Here is the query to return how many points out of 1st place a player is for their given group.


SELECT `full_name`,
      `points`,
      `group_name` group_name,
      RANK() OVER(
      PARTITION BY `group_name`
      ORDER BY `points` desc
      ) player_group_rank,

        points - FIRST_VALUE( points ) OVER (
            PARTITION BY `group_name`
            ORDER BY points DESC
        ) points_back_of_first

FROM `player`
ORDER BY group_name, player_group_rank;

By passing in the argument, pointsto FIRST_VALUE(), we retrieve the value of the points column from the first row in the partition. To calculate how many points back from 1st place a player is, we need to do something different than what we have done so far. We need to subtract the points of the partition's first row from the player's points in the current row. In this example, we use the result of our call to FIRST_VALUE() in an equation. To me, this is one of the cool things about window functions, and we are not limited to simply adding the results of the function call to a result set. We can use them like we can any other value – including using the values in a WHERE clause or as part of a CASE statement (we will see an example of the latter shortly).


The result of this query looks like this:

When we view these rankings, it is much easier to determine how far back a player is from the player ranked 1st. It would be trivial to handle this programmatically in any programming language. Returning this data as part of the result set makes it a more straightforward process by returning this data in the result set.

NTH_VALUE() Example

Our fictional competition has playoffs at the end of the regular season. The top 4 teams in each group advance to the playoffs. While it is nice to see how many points a player is out of 1st place, it might be more beneficial for players to see how many points they are from clinching a playoff spot. We use the NTH_VALUE() window function to accomplish this.

SELECT `full_name`,
       `points`,
       RANK() OVER( PARTITION BY `group_name`
          ORDER BY `points` desc
          ) player_group_rank,
       points - FIRST_VALUE( points ) OVER (
          PARTITION BY `group_name`
          ORDER BY points DESC
          ) points_back_of_first,
       CASE
         WHEN NTH_VALUE( points, 4 ) OVER(
            PARTITION BY `group_name`
            ORDER BY points DESC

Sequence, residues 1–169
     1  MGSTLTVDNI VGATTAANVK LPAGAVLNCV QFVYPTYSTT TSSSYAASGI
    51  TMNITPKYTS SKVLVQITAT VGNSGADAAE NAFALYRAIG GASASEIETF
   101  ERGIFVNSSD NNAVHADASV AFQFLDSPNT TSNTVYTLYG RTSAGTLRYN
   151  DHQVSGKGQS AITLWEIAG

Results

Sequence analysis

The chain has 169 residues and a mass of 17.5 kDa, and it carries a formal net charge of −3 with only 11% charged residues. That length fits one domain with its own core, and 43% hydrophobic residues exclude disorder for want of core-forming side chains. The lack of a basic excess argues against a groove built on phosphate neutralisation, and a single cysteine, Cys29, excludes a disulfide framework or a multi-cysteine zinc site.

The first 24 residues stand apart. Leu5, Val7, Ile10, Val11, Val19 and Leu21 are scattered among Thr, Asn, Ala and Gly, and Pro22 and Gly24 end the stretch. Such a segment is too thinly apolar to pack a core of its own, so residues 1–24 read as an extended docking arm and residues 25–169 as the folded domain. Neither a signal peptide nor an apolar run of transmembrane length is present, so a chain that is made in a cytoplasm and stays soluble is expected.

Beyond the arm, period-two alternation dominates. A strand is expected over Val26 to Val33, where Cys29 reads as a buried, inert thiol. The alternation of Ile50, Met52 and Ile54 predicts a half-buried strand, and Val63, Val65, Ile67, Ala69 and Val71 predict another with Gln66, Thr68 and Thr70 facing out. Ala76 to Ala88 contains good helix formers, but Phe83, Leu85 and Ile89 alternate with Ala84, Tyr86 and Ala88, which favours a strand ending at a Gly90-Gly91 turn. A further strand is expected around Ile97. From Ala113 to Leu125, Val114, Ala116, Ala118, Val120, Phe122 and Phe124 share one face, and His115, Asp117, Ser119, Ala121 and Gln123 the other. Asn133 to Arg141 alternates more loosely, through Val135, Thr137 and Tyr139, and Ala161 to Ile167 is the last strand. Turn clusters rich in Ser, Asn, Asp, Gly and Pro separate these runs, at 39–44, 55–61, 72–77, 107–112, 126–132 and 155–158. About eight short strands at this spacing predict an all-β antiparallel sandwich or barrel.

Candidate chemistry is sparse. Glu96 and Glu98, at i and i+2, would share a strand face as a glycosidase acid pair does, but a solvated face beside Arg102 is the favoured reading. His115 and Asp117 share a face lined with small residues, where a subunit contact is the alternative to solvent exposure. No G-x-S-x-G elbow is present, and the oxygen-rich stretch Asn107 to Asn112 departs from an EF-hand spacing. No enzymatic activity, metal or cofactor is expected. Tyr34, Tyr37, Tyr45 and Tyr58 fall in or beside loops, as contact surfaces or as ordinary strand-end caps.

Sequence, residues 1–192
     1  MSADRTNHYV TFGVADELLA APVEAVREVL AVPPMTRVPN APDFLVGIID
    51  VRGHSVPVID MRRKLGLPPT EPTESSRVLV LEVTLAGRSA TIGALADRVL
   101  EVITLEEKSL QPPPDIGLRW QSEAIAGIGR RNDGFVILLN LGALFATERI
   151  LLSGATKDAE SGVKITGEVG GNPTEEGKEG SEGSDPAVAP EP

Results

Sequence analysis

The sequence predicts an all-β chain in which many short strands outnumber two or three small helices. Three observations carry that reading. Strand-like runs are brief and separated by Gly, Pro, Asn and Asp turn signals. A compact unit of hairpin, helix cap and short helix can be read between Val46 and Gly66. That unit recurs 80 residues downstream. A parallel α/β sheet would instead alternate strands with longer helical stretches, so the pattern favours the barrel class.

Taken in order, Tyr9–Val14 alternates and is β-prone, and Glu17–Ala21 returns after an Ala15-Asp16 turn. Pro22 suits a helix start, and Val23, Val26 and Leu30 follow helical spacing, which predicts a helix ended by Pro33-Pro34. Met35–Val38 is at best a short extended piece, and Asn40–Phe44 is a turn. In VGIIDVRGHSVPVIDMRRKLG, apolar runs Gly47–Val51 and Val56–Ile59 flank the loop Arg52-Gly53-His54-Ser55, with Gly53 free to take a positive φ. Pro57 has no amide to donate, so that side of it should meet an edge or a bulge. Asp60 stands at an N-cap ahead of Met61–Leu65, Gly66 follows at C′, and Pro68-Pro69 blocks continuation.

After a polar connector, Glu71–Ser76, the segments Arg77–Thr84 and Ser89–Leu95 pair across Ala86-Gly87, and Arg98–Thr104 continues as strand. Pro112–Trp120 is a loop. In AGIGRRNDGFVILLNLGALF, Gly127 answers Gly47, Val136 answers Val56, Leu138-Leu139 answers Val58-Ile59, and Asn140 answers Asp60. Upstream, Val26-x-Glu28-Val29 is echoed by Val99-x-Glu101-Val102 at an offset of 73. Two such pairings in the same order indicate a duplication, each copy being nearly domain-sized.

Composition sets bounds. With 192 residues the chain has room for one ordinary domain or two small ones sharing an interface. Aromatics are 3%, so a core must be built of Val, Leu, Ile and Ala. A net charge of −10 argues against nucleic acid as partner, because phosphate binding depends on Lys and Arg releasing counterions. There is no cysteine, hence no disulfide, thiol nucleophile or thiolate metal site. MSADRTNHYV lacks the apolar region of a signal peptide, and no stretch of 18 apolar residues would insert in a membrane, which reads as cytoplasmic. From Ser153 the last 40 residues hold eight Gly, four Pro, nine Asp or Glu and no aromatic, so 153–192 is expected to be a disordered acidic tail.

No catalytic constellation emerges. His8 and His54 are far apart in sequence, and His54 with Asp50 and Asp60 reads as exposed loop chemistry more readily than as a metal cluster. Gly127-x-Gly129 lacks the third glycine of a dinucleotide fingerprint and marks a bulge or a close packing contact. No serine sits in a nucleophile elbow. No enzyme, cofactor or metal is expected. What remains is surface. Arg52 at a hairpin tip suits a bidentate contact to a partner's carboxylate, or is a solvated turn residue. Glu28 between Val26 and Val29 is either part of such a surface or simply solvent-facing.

) IS NULL THEN 0
         ELSE points - NTH_VALUE( points, 4 ) OVER(
            PARTITION BY `group_name`
            ORDER BY points DESC
         )
      END AS points_from_playoffs
FROM `player`
ORDER BY group_name, player_group_rank;

Here is an example of using window functions in a CASE statement I promised.

Let's first look at how we use NTH_VALUE() it and then talk about how we use it in the CASE statement. As you can see, we use two arguments for NTH_VALUE(). The first is the column we wish to use, as, in the previous example, we are using the value of the points column. The second argument is the row number in the result we want to look at. In our example, we want to compare every row with the value in the 4th row, so we pass in a value of 4. So, in a nutshell, our call to NTH_VALUE() tells MySQL to retrieve the value of the points column in the 4th row of the partition.

You may be wondering why we decided to use a CASE statement for this value, and the simple answer is for consistency. In this situation, we use them CASE constantly to return a number in the result set. As you can tell by the WHEN in the CASE the statement, sometimes, window functions will return NULL. In this instance, the first three rows would return NULL because the 4th row does not yet exist for us to compare. The CASE statement ensures that if the value returned NTH_VALUE() is NULL, we produce the value of 0 (because the players ranked 1 through 3 are still 0 points from having a playoff spot). If the value returned from NTH_VALUE() is not null, we subtract that value from the points value for the current row and return the result.

Here is the result of the above query:

It may seem strange that more than four teams are 0 points from a playoff spot for each group. For example, in Group A, we have two teams tied for 2nd place and three in a tie for 4th place. In Group B, we have two teams tied for 4th place. If we had teams tied at the end of the season, we would need to use a tiebreaker to determine who would make the playoffs. Then, depending on the tiebreaker rules, we could add that logic to the query to ensure the team’s tied-in points are displayed based on the tiebreaker information.

Wrap-up

As we have seen, window functions offer us a variety of ways to return data related to other rows in the data set. We discussed the basic syntax for window functions and showed examples of using non-aggregate window functions in our result set.

Hopefully, you better understand the syntax of MySQL window functions.

In the next post, we will explore other window functions and expand our understanding of the different parts of the OVER() clause.

If you want to learn more about Window Functions in MySQL, head over to the documentation.


Originally published here.